Custom Motions Part 1

I'm doing a talk about custom motions at the next Vim London meetup, which I'm looking forward to. Why did I pick the topic "custom motions"? Well, mainly because it'll force the audience to revise modes, operators, motions, and Vim's grammar.

Drew Neil is one of the organizers of this group, and I'm going to use his Practical Vim book as a reference. Not specifically to explain custom motions -- mainly because it contains useful quotes that explain the underlying concepts. For example:

If we think of Vim as a finite-state machine, then Operator-Pending mode is a state that accepts only motion commands. It is activated when we invoke an operator command...

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Script Roundup: Supertab, scriptease.vim

Send in your Vim scripts for review through our contact form or @vimnews.

Supertab

Supertab (GitHub: ervandew / supertab, License: BSD) by Eric Van Dewoestine and created by Gergely Kontra is a plugin for invoking completion in Insert mode with the <Tab> key. It knows when not to invoke completion, but has a setting for preventing <Tab> from completing.

It's actually been kicking around since 2006, so over time it's grown to include several settings which are fully documented. For example, the first completion entry can be preselected, and completion functions can be chained together.

scriptease.vim

"Enjoy this amalgamation of crap I use for editing runtime files," says Tim Pope, about scriptease.vim (GitHub: tpope / vim-scriptease, License: Vim). It includes lots of useful functions for plugin developers, like :PP {expr} -- pretty print, :Time {command} -- a simple benchmarking function, zS -- show the active syntax highlighting groups under the cursor.

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Vim 101: The Core Skills

If you're like me, when you learn something new you rush straight in without a strategy -- picking up things as you go, using newly learned skills for practical work as soon as possible. The danger of this approach is you can miss out on some core skills, and develop bad habits. So what are the essential skills required to learn Vim?

As an experiment, I decided to write a list of what I consider the core skills for working with Vim. You can find the full list at the end of this article. It doesn't contain everything ever -- just the things I use on a daily basis. It will put you off from learning Vim! In one sense it's long and intimidating, in other it's testament to just how ridiculously flexible and powerful Vim is. However, you can learn everything on this list. Even being vaguely aware of the key topics will give you pointers on how to use Vim more productively.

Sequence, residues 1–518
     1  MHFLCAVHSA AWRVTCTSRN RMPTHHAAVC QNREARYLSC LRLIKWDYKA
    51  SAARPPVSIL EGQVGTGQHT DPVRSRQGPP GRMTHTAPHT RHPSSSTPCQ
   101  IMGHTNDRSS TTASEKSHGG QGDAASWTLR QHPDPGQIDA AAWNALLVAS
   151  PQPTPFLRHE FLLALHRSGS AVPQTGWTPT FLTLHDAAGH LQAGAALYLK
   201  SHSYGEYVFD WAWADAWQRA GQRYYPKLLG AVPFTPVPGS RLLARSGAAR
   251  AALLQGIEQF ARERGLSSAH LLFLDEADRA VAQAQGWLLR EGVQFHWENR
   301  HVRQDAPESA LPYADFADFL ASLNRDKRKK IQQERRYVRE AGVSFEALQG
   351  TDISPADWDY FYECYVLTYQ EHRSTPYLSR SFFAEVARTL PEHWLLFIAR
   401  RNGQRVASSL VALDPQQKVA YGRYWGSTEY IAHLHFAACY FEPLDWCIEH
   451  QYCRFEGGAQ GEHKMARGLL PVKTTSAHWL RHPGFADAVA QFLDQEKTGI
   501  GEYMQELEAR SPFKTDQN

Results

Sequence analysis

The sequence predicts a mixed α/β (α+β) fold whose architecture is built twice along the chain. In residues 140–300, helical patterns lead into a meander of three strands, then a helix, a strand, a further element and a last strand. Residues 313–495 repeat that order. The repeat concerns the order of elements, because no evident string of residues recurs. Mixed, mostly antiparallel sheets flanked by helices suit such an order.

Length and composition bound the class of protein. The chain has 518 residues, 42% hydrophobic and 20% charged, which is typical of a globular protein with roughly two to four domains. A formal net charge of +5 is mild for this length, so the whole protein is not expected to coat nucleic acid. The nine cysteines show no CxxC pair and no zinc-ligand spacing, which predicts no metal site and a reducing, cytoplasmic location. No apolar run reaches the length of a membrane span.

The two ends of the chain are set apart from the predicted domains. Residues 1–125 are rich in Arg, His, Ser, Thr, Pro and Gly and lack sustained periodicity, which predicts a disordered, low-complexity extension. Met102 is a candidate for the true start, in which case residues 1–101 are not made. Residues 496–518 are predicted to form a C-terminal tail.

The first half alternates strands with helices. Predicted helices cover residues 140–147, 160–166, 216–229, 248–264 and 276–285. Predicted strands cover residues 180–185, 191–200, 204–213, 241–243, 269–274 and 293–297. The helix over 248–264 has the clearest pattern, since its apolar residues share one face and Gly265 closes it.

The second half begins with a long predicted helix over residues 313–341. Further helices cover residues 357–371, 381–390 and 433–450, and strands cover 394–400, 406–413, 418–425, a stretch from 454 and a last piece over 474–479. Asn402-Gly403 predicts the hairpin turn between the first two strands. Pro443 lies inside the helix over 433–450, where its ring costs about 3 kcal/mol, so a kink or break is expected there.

Most books and tutorials focus on editing with Vim, but there's a lot more to daily work than editing. To master Vim you need to optimise your entire workflow, and that means configuring the editor, navigating between files, and even visualising the structure of projects and their myriad components.

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Universal Settings: sensible.vim

sensible.vim (License: Vim) by Tim Pope is a selection of default settings:

Think of sensible.vim as one step above 'nocompatible' mode: a universal set of defaults that (hopefully) everyone can agree on.

Tim suggests that it can be used by beginners who are new to Vim, without relying on "some random vimrc you found". The settings aren't a million miles off my own .vimrc, to the point that I'm wondering if I should just start using sensible.vim and clean it up a little bit.

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Script Roundup: vim-steam, File Pirate

Send in your Vim scripts for review through our contact form or @vimnews.

vim-steam